He says not a word about the organization’s support for Hamas. According to ADL, Within Our Lifetime has hosted or co-sponsored at least 78 anti-Israel rallies many of which included explicit support for violence against Israeli civilians by U.S. designated Foreign Terrorist Organizations Hamas, The Popular Front for the Liberation of Palestine (PFLP), Hezbollah, the Houthis and affiliated individuals such as Leila Khaled and Hamas’ military wing spokesperson Abu Obaida. WOL also expressed enthusiastic support for Iran’s unprecedented April 13 drone-and-missile attack on Israel.

Marcelo similarly sluices down Within Our Lifetime’s horrifying and deep embrace of terror at the demonstration outside the Nova Festival massacre last week. His censored account states:

The paint attacks came the same week that Within Our Lifetime organized a large demonstration outside a New York City exhibition memorializing victims of the Oct. 7 Hamas attack on the Tribe of Nova music festival. The group called it “Zionist propaganda” and dismissed the music festival, where hundreds died, as “a rave next to a concentration camp.”

AP spares its readers from the most disturbing aspects from the event. As Times of Israel reported:

Protesters set off flares, flew flags of Hamas’s armed al-Qassam Brigades terror wing and of the Hezbollah terror group, and carried banners with slogans such as “Long live October 7” and “The Zionists are not Jews and not humans.”

On June 11, Senate Majority Leader Chuck Schumer denounced the antisemitism of the pro-Hamas crowd outside the Nova Festival exhibit, twice citing those most heinous lines:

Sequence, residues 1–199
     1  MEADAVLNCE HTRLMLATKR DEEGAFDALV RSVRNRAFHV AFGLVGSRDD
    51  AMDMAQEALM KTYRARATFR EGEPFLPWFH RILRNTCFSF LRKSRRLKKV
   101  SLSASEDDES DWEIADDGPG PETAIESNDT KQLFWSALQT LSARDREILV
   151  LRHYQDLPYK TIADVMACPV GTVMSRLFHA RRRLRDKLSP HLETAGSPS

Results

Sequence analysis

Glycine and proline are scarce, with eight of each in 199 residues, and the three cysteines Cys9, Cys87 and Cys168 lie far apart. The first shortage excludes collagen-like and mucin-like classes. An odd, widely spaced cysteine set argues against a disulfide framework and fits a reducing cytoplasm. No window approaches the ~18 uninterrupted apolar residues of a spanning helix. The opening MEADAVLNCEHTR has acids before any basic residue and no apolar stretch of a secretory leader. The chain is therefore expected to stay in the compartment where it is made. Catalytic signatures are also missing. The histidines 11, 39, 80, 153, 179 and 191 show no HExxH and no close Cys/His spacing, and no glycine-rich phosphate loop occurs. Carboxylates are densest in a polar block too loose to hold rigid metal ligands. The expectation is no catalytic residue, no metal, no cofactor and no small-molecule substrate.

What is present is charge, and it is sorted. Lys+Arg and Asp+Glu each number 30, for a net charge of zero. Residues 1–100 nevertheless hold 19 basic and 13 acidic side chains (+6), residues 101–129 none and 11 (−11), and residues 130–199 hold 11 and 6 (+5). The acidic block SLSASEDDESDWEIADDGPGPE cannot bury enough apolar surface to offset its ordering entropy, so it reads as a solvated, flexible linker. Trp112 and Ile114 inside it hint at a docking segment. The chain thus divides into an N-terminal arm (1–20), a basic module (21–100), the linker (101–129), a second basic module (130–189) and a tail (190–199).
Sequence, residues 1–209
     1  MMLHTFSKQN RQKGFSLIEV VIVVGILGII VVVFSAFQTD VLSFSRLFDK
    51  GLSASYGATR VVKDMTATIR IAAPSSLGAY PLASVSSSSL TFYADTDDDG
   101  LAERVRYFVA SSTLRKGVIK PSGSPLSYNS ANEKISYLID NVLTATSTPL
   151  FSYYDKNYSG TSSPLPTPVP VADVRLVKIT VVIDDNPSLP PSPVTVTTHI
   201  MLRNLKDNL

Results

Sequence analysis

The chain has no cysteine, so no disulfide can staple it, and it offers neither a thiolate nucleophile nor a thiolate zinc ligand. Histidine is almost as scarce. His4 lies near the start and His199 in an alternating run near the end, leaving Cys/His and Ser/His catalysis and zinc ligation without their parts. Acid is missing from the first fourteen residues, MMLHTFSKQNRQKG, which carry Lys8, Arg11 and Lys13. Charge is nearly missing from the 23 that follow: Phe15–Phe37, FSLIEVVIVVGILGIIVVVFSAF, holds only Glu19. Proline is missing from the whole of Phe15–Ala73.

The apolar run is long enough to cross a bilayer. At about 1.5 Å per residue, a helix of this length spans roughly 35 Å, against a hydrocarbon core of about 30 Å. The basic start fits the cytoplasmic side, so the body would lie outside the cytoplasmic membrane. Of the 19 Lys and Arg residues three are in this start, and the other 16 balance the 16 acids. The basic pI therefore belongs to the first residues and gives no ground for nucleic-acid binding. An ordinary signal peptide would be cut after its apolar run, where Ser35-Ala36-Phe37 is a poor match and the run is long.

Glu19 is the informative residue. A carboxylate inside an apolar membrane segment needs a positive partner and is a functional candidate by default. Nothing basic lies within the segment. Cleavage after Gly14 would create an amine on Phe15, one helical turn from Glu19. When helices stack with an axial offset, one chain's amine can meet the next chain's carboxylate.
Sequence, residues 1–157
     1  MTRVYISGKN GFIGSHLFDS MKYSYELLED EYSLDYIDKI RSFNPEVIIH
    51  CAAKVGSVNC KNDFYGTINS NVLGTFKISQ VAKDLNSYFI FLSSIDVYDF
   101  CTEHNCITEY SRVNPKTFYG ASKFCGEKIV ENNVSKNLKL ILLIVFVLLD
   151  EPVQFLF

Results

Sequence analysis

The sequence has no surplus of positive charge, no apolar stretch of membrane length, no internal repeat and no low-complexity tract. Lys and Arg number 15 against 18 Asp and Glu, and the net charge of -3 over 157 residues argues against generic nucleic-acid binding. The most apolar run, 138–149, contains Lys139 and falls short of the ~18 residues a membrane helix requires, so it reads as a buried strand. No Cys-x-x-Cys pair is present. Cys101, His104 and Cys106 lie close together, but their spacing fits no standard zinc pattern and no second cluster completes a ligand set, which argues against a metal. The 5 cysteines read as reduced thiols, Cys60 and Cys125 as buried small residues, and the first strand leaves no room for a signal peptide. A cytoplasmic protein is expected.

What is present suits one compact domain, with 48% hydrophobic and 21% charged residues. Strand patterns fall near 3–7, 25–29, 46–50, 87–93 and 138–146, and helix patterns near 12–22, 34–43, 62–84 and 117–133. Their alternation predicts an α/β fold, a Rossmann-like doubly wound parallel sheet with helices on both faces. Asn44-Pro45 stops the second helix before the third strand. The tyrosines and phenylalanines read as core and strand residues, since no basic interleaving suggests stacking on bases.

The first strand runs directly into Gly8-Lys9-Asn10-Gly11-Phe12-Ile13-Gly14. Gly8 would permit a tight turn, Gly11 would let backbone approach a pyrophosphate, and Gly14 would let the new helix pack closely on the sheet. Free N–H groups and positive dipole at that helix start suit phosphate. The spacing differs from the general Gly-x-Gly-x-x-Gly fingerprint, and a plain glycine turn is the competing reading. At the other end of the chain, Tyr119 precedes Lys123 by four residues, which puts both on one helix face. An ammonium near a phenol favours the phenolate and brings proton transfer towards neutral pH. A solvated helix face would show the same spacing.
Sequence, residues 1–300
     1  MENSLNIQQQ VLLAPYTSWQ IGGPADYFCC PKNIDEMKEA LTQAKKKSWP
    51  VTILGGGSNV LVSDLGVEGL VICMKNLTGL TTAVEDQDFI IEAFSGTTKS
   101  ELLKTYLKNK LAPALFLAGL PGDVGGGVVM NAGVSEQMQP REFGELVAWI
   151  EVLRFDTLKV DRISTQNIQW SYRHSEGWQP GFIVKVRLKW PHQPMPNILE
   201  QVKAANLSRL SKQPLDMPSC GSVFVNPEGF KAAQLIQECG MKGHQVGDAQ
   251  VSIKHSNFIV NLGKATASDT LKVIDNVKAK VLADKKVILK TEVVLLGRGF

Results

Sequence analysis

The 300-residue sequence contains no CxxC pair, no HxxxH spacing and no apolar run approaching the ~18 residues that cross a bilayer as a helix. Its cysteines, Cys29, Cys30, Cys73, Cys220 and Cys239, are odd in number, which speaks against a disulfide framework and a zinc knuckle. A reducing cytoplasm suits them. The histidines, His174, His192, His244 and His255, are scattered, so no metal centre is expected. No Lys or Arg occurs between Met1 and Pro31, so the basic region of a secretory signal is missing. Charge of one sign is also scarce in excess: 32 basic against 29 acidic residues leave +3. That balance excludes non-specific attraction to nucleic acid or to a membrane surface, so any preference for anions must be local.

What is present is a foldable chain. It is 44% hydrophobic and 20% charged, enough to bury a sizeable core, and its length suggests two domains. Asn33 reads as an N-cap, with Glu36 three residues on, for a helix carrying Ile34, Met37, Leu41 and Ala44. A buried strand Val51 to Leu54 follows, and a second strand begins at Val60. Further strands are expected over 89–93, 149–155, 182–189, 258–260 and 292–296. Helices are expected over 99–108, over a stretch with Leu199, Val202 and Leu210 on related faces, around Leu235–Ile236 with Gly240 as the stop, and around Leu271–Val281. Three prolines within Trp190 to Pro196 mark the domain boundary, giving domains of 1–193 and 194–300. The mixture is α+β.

What was even worse, or at least adding salt into the wounds was that just a day or two after I visited the exhibit, protestors gathered outside the exhibit chanting repugnant antisemitic phrases, donning banners that read “Long Live October 7th” and “The Zionists are not Jews and not humans.” How low can you go ?

Having visited the exhibit and seeing those young people and then knowing and seeing on film what happened to them at the vicious hands of Hamas, and then having people come outside and protest and say “Long Live October 7th” and “The Zionists are not Jews and not humans.” How repugnant. How despicable. How terribly unnerving that humanity could sink that low.

And yet, at this low point for humanity, AP has relegated these repugnant slogans glorifying mass murder to the dustbin of history.

            (CAMERA.org)

The Committee for Accuracy in Middle East Reporting and Analysis (CAMERA) is an international media-monitoring and educational organization founded in 1982 to promote accurate and unbiased coverage of Israel and the Middle East. CAMERA is a non-profit, tax-exempt, and non-partisan organization under section 501 (c)(3) of the United States Internal Revenue Code. To learn more or receive our newsletters please visit CAMERA.org.